BURUNDI, Botswana — A racy TV series aimed at teens and twentysomethings is helping to spread the message of AIDS awareness across sub-Saharan Africa.
Three-part mini “Shuga,” produced by MTV, the United Nations Children’s Fund UNICEF and the U.S. President’s Emergency Plan for AIDS Relief, focuses on a group of fast-living friends in the Kenyan capital of Nairobi.
Following the characters’ risky decisions — and the consequences of their actions — the series tries to promote the message that AIDS is not a death sentence for young Africans.
Despite the heavy subject matter, the series was shot and produced for a young audience.
“It’s fast, it’s furious, it’s cool — and that’s exactly how we filmed it,” actress Lupita Nyong’o said at a screening of the mini this month in New York.
Nyong’o plays Ayira, a college student who finds herself torn between a boyfriend her own age and an older man.
“Shuga” created a buzz at preems in Nairobi and Lusaka, Zambia late last year. After a much-hyped MTV bow in November, the series has remained in heavy rotation on MTV’s African web MTV Base and 12 other MTV channels.
It also aired on Kenya’s four terrestrial broadcasters — KTN, NTV, Citizen TV and pubcaster KBC — plus three in Zambia and ran weekly until World AIDS Day, Dec. 1, when the 90-minute mini ran in full.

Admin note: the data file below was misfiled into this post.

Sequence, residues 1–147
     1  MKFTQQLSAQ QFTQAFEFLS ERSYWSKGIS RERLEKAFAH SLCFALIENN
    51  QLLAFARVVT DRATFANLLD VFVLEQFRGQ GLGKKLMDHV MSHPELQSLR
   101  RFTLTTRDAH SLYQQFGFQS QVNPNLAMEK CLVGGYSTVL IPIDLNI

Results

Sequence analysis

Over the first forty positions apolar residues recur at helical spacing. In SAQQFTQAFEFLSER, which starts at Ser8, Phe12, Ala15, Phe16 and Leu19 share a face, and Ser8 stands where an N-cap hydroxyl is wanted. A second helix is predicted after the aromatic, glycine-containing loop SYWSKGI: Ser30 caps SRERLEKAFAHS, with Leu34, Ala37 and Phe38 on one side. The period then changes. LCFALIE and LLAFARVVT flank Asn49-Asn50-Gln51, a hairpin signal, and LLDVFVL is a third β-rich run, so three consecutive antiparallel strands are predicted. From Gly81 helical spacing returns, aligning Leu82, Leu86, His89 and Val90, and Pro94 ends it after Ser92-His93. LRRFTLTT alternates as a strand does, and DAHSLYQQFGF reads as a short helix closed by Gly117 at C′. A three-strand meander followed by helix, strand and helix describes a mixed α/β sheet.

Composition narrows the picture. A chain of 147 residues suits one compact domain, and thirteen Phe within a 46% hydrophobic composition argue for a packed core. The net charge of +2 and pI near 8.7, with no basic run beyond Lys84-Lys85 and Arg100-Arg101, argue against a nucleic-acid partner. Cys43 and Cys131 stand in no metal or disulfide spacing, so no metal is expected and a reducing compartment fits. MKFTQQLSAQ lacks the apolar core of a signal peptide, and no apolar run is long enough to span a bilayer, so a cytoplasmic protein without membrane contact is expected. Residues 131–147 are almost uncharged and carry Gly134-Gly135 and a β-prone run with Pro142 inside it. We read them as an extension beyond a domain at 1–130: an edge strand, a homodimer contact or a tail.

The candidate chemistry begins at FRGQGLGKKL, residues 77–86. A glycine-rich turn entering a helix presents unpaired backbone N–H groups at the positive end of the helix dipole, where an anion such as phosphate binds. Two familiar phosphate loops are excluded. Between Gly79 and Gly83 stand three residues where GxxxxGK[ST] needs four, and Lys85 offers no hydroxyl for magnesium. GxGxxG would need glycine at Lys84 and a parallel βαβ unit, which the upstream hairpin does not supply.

Skein also ran in the U.S. on BET and in Europe and the Caribbean.
MTV, which has been a partner of UNAIDS (the United Nations Joint Program on HIV/AIDS) since 1996, produced “Shuga” rights-cleared so that it could be distributed at no cost as widely as possible.
Speaking in New York, MTV execs said they hoped “Shuga” would jumpstart a debate on topics that are often taboo in much of Africa.
“We’re not the silver bullet,” said MTV Intl. VP for social responsibility, John Jackson. “We’re not going to solve this problem. But we’re a critical player in getting a certain section of our community to think, to have a conversation they might not have otherwise.”
The show continues to engage auds on the MTV Staying Alive website, where characters blog about their difficult relationship decisions and fans post to popular forums on everything from pickup lines to condom use to revealing one’s HIV-positive status to a new partner.
Nyong’o said “Shuga” had already helped her and her co-stars take a long look in the mirror.
“During the scenes where we were doing the HIV testing, there was a hush on the set,” she said. “It was a heavy time for us, and a lot of actors said, ‘This is real. Yeah, this is real — and I need to make a change in my life.’ “